As the week wound down Friday, jurors tallied fewer than 1/2 the number needed
to try a Gary man accused of murdering his wife and 2 stepchildren.
Only 6 of the needed 12 jurors and 2 alternates had been selected.
Kevin Isom, 46, faces the death penalty if convicted of the Aug. 6, 2007,
shooting of his wife, Cassandra, 40, and her children, Michael Moore, 16, and
Ci'Andria Cole, 13, in the Lakeshore Dunes Apartments in Gary's Miller
In most such high-level felony cases, court watchers see prospective jurors
questioned as a group of 12 with the number of excused jurors immediately
replaced by a like number from the jury pool seated in the courtroom.
Jury selection seldom takes more than a day.
But Isom's 270-member jury pool is being whittled down one by one, which is why
it is taking so long. Beginning a week ago, jury selection began as early as 8
a.m. and ended as late as 7 p.m.
Unlike most trials, members of Isom's jury pool are not present during the
intensive questioning by Lake Criminal Court Judge Thomas Stefaniak Jr. and/or
attorneys for the state and the defense.
Yet court officials familiar with the process said last week the individualized
approach used in Isom's trial is not that unusual and is not specific to Isom's
being at risk of the death penalty if convicted.
"It's not unheard of, but it's not in every case," said veteran defense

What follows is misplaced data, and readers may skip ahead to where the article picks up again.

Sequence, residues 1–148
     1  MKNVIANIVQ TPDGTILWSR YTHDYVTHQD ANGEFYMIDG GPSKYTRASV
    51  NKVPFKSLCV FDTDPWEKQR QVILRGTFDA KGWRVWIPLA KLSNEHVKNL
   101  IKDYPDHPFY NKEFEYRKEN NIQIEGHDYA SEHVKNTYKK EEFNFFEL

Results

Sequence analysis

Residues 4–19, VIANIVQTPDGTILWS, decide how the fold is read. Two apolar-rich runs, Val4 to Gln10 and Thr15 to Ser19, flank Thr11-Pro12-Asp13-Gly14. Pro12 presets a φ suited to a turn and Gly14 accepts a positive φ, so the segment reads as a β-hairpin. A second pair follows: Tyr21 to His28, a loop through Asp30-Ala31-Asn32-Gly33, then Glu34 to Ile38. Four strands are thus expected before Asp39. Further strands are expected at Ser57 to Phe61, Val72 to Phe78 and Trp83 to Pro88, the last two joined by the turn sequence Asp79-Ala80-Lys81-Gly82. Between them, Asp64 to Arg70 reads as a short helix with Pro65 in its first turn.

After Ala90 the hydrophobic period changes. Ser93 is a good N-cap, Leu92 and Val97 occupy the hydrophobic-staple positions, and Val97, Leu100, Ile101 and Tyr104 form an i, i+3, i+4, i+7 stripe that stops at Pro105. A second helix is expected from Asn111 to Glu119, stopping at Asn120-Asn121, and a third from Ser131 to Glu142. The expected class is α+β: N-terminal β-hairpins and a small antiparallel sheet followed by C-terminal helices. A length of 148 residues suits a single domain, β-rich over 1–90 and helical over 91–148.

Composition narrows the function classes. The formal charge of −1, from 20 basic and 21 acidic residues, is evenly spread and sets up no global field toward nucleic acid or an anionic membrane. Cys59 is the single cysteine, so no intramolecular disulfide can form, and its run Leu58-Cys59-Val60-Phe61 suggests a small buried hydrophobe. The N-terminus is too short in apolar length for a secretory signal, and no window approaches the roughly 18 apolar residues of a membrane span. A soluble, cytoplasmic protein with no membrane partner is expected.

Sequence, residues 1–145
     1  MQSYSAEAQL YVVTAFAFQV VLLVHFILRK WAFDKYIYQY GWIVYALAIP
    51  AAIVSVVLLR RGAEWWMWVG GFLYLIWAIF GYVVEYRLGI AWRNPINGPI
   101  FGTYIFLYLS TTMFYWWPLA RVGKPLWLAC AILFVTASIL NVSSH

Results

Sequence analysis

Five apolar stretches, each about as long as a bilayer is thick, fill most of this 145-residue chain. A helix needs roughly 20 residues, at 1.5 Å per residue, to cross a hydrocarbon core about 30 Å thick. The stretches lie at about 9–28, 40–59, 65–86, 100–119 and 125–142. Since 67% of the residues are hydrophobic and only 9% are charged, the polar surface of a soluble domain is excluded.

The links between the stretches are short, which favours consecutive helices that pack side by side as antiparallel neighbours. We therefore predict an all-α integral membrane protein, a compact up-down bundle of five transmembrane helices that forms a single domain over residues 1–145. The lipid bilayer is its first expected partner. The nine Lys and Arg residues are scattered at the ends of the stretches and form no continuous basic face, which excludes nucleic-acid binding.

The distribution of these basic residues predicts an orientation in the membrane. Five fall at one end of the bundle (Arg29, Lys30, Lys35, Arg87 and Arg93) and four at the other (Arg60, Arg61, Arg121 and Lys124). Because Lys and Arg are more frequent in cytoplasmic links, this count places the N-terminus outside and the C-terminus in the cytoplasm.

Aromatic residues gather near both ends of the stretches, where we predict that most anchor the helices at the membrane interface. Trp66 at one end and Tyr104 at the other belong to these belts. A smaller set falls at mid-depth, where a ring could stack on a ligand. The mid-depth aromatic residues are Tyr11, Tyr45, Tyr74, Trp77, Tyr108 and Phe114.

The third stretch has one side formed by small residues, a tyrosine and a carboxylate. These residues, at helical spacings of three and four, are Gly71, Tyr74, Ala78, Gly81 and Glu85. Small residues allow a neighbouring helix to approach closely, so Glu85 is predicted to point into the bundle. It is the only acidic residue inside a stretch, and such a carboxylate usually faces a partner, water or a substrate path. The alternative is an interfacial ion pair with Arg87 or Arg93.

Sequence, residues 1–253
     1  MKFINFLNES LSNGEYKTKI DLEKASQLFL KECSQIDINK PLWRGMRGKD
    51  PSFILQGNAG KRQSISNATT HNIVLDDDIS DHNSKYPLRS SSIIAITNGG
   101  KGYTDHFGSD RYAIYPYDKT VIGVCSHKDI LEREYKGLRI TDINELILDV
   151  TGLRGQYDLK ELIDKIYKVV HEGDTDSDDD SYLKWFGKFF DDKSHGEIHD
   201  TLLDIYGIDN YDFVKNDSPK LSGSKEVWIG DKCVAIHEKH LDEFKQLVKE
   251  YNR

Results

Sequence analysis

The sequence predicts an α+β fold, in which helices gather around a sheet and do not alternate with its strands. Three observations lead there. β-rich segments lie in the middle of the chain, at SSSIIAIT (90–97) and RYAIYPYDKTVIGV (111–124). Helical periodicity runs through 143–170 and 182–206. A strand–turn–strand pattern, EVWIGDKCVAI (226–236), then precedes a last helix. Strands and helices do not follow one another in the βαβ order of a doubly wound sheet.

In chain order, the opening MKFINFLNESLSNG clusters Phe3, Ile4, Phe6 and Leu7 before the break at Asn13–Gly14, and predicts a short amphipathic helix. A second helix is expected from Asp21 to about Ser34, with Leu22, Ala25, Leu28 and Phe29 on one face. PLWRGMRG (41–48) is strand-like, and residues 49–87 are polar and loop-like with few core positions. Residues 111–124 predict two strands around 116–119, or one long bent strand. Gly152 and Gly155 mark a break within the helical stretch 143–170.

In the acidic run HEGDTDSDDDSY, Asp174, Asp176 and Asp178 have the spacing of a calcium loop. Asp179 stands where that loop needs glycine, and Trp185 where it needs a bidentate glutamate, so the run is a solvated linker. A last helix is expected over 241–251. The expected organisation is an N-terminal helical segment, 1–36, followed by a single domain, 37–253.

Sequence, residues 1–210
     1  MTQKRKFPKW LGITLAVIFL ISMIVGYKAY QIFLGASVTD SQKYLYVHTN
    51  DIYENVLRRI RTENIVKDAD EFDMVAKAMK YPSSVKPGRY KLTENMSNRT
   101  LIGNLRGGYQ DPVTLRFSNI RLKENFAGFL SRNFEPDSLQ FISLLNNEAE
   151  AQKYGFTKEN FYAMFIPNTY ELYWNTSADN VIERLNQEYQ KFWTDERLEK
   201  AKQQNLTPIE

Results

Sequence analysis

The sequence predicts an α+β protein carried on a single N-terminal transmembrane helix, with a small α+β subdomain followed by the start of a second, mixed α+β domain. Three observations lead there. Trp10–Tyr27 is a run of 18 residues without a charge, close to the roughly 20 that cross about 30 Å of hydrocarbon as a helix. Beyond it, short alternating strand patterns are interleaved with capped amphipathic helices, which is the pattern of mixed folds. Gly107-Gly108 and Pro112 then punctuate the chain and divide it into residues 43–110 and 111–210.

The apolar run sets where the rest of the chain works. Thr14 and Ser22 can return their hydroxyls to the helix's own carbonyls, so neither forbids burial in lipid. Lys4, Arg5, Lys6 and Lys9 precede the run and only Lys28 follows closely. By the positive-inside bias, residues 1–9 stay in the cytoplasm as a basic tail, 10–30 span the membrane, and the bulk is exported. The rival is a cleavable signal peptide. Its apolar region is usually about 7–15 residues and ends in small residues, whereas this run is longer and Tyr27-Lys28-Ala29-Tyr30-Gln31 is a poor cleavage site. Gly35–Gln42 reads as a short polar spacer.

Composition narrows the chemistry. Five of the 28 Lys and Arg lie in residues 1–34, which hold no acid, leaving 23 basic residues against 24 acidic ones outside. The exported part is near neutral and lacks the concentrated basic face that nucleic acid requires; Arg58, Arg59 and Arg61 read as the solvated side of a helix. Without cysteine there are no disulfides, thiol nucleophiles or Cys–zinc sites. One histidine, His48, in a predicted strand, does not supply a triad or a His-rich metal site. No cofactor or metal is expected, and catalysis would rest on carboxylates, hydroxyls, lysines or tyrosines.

attorney Thomas Vanes, of Merrillville.
Vanes said the manner and mode of choosing a jury tend to be "case-sensitive,"
and procedures can vary by court.
For example, in federal courts in the area, all questioning of potential jurors
is conducted solely by the judge. But in Lake County, the judge as well as
prosecuting and defense attorneys may ask questions.
"Questions can be submitted by both sides, but the questions are to be asked by
the judge" in federal cases, Vanes said.
Another Lake County official familiar with the courts, who asked not to be
named because of the sensitivity of the death penalty case, said defense
attorneys often request individual questioning be done to prevent the views
expressed by jurors during questioning to affect the rest of the jury pool.
"The 1st task is to find the person guilty or not guilty, like in any other
murder case," he said of Isom's trial. "Then, it moves into the penalty phase."
After conviction, jurors also have the option of choosing life without the
possibility of parole in lieu of death.
(source: NW Indiana Times)